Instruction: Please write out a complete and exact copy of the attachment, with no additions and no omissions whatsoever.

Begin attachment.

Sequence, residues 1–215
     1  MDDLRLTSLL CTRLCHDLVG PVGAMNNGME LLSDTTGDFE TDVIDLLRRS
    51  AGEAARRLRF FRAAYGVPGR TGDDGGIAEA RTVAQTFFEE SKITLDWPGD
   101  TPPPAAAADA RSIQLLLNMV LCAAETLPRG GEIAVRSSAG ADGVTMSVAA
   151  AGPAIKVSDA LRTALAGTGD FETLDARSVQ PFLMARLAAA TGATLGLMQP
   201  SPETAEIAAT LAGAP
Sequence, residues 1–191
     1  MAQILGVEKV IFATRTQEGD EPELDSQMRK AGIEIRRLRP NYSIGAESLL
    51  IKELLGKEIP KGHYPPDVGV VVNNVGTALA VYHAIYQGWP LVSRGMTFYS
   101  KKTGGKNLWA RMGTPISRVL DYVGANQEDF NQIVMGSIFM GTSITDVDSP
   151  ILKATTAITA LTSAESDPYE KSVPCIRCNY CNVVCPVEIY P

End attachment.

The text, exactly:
Sequence, residues 1–215
     1  MDDLRLTSLL CTRLCHDLVG PVGAMNNGME LLSDTTGDFE TDVIDLLRRS
    51  AGEAARRLRF FRAAYGVPGR TGDDGGIAEA RTVAQTFFEE SKITLDWPGD
   101  TPPPAAAADA RSIQLLLNMV LCAAETLPRG GEIAVRSSAG ADGVTMSVAA
   151  AGPAIKVSDA LRTALAGTGD FETLDARSVQ PFLMARLAAA TGATLGLMQP
   201  SPETAEIAAT LAGAP
Sequence, residues 1–191
     1  MAQILGVEKV IFATRTQEGD EPELDSQMRK AGIEIRRLRP NYSIGAESLL
    51  IKELLGKEIP KGHYPPDVGV VVNNVGTALA VYHAIYQGWP LVSRGMTFYS
   101  KKTGGKNLWA RMGTPISRVL DYVGANQEDF NQIVMGSIFM GTSITDVDSP
   151  ILKATTAITA LTSAESDPYE KSVPCIRCNY CNVVCPVEIY P